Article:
Greg Oden or Kevin Durant? Today we find out and I hope it's Oden. It should be.
Many of my friends and readers have wondered why I put out a book, Red Hot and Rollin', about a professional basketball team. They wonder because I almost exclusively write on Oregon environmental, literary and political topics. They also wonder because many of them know I don't subscribe to cable television, follow the Portland Trail Blazers or any sports at all. To my friends and family, my producing a book about professional sports is roughly akin to George W. Bush writing a book attesting to his authentic Christianity.
What interested me about the magical 1976-77 year the Blazers defeated the Philadelphia 76ers and their collection of one-on-one egomaniacs, is how that team competed, how they brought the state together, and how their unselfish means of accomplishment came across as so quintessentially Oregon in an era when Oregon established a name for itself as one of the most progressive places on Earth. What further interested me is reflecting upon how in my youth the Blazers played a game the way the waning counterculture of that era wanted us all to live.
Recognizing and acknowledging the selfless way the franchise won its only NBA title is, I believe, the larger significance and useful metaphor of the 1976-77 Blazers' championship season. There's still a transcendent lesson there, in sports and in life. And for Oregon.
In 1978 the National Conference of Christian and Jews bestowed a Human Relations Award on the Blazers for their "teamwork and generosity."
Now, name anything contemporary in Oregon's popular culture as unifying as the Blazers were back in the Rip City era that might earn a comparable award.
And, as far as organized competitive sports go, I know today many progressive people disdain them. But I played them and I coached them and have experienced their awesome educational power, whether winning big or getting your ass kicked. The Blazer lesson circa 1976-77 exists for a new generation of Oregonians and Oregon coaches. Young people can learn a lasting good or evil from the way they are coached to compete in a competitive sport. Three decades ago, I learned something good from just watching a professional team. What I learned is: "pass first and shoot second." That lesson still instructs me.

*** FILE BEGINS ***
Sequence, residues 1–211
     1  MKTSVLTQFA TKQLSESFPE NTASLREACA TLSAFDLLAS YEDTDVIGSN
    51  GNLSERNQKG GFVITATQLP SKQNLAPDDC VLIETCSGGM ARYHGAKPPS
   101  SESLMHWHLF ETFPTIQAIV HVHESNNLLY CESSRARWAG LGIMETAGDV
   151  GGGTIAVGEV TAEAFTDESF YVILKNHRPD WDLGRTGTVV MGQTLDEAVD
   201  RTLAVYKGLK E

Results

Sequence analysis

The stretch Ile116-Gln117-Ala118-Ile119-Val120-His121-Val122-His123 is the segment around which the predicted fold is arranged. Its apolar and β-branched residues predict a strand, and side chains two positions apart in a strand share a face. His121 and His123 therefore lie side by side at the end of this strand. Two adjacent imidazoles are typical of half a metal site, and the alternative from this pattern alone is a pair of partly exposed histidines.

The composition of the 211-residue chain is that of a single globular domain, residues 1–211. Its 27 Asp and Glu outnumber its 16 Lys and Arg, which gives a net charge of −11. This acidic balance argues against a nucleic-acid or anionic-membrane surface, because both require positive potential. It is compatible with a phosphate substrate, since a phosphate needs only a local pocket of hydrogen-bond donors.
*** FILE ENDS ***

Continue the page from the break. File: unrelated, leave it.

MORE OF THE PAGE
That lesson should have instructed the Blazer management on their monumental choice. That is, if they knew anything culturally relevant about the team's storied past, which I have seen scant evidence of (one employee I've dealt with in connection to my book is a glaring exception). Oden and Durant offer striking contrasting styles of play. One player, Oden, seems to have the right Blazer stuff of yore. Durant seems more like a 76er from thirty years ago. Let's hope the Blazer brain trust recognized this.
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Matt Love is the founder and publisher of Nestucca Spit Press; author/editor of the Beaver State Trilogy: Grasping Wastrels vs. Beaches Forever Inc.: Covering the Fights for the Soul of the Oregon Coast (2003), The Far Out Story of Vortex I (2004), and Red Hot and Rollin': A Retrospection of the Portland Trail Blazers' 1976-77 Championship Season (2007); and also Let It Pour. He is a regular contributor to the Oregonian, columnist for the Bear Deluxe and In Good Tilth magazines, and teaches English and history in the Lincoln County School District. He lives at the Oregon Coast, where for nine years he has served as caretaker of the Nestucca Bay National Wildlife Refuge.